Diamine makes hundreds of different inks, so I'm sure you can find inks in its product range that work well enough with each particular pen in that spread. Pilot Iroshizuku inks work well with any of the Japanese pens, in my experience anyway.


Edited by A Smug Dill, 16 August 2020 - 15:11.

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#11 PAKMAN

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Posted 16 August 2020 - 15:43

F, XF, flex, crisp italic


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#12 Honeybadgers

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Posted 17 August 2020 - 15:52

 
I'm not going to feel constrained by what is available on the Parker 75, or from Parker in general, either. At least for some grinds, I'm sure you can send a pen or nib to a nibmeister of repute and have it reground to your specifications (but at his/her asking price).
 

  • Pilot Justus 95 with a Fine nib and adjustable softness (and wetness)
  • Sailor (14K or 21K gold) Zoom nib or Naginata Concord nib, either of which can produce a whole range of different line widths, but usable as a round-tipped Fine nib for normal writing
  • Platinum (#3776 or President) UEF nib or Pilot PO nib, or some other comparable needlepoint nib
  • Depending on your personal preferences, either a custom-ground italic nib or a custom-ground flex nib to suit whichever style of "fancy" writing/calligraphy you do. (If you choose an italic nib, then ideally one that also writes smoothly at a different width while in upside-down orientation.)

Diamine makes hundreds of different inks, so I'm sure you can find inks in its product range that work well enough with each particular pen in that spread. Pilot Iroshizuku inks work well with any of the Japanese pens, in my experience anyway.

 

There is possibly something to be said for having a parker 45 or 75 and just a little ink sample vial with five different nibs in it, if space is a concern. Same for a lamy Z50 based pen.

 

Just swap 'em out as you need.

 

Not something I'd do, but if I was an artist, maybe?


Edited by Honeybadgers, 17 August 2020 - 15:53.

Selling a boatload of restored, fairly rare, vintage Japanese gold nib pens, click here to see (more added as I finish restoring them)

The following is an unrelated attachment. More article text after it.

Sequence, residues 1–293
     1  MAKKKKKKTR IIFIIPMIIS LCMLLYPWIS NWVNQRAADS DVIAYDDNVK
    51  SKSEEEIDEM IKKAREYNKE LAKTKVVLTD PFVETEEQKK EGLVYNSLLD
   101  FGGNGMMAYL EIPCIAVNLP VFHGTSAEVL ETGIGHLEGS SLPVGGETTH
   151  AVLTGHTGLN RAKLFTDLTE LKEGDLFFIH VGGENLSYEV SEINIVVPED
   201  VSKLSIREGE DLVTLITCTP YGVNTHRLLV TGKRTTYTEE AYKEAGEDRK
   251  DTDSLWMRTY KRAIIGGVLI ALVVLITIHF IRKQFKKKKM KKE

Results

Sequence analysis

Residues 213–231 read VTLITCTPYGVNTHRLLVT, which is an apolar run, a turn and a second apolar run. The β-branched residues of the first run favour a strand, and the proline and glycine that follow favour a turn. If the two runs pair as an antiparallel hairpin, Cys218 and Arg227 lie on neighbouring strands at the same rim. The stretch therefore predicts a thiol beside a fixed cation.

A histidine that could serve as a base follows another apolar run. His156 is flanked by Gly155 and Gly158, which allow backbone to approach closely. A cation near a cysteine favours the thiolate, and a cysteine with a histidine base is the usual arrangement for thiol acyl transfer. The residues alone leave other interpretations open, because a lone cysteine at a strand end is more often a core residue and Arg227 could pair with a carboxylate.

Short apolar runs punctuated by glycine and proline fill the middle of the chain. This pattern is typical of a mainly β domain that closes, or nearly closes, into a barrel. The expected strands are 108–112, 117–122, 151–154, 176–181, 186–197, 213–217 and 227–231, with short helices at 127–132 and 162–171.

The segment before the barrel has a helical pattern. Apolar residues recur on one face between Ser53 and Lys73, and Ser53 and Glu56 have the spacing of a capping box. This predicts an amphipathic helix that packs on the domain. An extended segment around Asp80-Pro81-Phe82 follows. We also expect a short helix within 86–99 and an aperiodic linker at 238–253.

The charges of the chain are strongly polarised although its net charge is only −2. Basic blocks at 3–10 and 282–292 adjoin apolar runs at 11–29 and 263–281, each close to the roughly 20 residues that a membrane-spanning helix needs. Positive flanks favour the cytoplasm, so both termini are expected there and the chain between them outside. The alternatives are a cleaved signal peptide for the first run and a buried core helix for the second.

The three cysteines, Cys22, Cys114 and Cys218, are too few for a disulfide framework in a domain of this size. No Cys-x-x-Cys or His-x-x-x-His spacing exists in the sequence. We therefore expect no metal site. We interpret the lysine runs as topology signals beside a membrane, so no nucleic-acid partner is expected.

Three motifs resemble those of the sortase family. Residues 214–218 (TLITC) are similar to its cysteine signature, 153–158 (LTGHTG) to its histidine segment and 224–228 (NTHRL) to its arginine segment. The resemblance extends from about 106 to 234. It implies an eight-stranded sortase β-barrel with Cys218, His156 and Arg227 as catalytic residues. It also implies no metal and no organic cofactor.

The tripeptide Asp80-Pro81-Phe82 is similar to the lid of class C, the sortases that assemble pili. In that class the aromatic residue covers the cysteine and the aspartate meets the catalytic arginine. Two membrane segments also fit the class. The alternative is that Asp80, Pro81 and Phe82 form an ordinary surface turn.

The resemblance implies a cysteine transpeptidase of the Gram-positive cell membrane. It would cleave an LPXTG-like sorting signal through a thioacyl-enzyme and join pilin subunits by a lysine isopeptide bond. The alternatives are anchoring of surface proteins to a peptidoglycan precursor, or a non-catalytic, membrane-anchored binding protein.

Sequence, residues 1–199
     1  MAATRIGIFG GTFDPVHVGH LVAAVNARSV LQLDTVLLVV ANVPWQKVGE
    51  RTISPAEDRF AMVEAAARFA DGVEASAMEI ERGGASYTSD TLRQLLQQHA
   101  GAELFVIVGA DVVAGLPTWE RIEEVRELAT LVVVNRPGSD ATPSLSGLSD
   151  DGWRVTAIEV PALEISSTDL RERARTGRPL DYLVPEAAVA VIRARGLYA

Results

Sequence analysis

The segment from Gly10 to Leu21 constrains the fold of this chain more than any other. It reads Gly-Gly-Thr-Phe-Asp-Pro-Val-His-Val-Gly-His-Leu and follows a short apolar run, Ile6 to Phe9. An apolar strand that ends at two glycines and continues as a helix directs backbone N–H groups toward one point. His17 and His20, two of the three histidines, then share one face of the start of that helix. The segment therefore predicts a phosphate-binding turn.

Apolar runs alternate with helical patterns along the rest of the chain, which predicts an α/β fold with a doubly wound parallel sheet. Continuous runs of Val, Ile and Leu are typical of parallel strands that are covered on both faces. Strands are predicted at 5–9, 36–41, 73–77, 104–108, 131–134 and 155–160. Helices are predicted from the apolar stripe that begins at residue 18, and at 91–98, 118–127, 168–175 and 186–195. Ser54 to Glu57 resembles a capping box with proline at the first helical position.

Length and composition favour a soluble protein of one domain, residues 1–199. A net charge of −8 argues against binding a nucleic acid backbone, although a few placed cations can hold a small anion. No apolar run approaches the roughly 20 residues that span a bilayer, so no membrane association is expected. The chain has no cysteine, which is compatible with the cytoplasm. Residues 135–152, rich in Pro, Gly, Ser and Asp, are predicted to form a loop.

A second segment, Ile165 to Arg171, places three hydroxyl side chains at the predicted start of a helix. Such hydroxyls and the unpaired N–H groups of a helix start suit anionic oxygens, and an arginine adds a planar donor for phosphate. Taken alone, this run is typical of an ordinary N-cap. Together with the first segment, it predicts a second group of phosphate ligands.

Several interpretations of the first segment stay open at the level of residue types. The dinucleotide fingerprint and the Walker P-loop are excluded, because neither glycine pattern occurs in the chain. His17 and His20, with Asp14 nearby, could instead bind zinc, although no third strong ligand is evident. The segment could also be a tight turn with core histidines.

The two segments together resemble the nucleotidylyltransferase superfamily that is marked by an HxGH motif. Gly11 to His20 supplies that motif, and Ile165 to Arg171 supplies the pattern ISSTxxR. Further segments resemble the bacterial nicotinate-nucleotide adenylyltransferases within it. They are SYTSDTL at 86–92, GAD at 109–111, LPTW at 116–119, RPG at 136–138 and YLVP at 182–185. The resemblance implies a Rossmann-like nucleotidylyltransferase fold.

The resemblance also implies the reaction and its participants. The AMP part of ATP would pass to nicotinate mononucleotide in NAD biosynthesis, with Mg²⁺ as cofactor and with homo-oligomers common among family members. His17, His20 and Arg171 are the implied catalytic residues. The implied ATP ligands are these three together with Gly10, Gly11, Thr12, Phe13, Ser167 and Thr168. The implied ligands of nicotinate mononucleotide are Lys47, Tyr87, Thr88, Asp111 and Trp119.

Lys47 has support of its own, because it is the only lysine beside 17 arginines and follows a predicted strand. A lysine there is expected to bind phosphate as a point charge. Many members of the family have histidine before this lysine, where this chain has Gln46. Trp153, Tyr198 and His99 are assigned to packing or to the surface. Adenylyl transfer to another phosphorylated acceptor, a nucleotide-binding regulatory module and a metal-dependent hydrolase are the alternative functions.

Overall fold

#13 mana

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Posted 17 August 2020 - 17:34

I have pared my EDC set down to a Pelikan 400 (EF) and a Pelikan 100N with a crisp CI BB. I do also have other pens inked (including my Frankenpelikan 500NN with a CI BB nib) but when I go about those two are all I need. I just like having stuff at home to play with because of the individual nibs have different characteristics/feel despite being nominally in the same categories. Or the pen itself if just... different (Parker 51 Aerometric OB, vintage Lamy 2000 OF, Kaweco Sport V12 B etc.).

For the OP I would suggest the following: Have a walk on the wide side. Cursive italic BB & BBB nibs or italic nibs from about 1.0mm onwards, especially vintage ones which combine flex with a more sharp cut are quite different animals compared to their thinner brethren.



#14 sansenri

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Posted 18 August 2020 - 22:15

It really does depend on what you have to do.

Sometimes when I'm traveling on business I carry three identical pens with identical nibs.

The purpose is if one runs out of ink, or for any reason fails, I have another that can take it's place in my task which is usually taking notes of my meeting, without any noticeable difference both  in my writing experience and in my writing output on paper...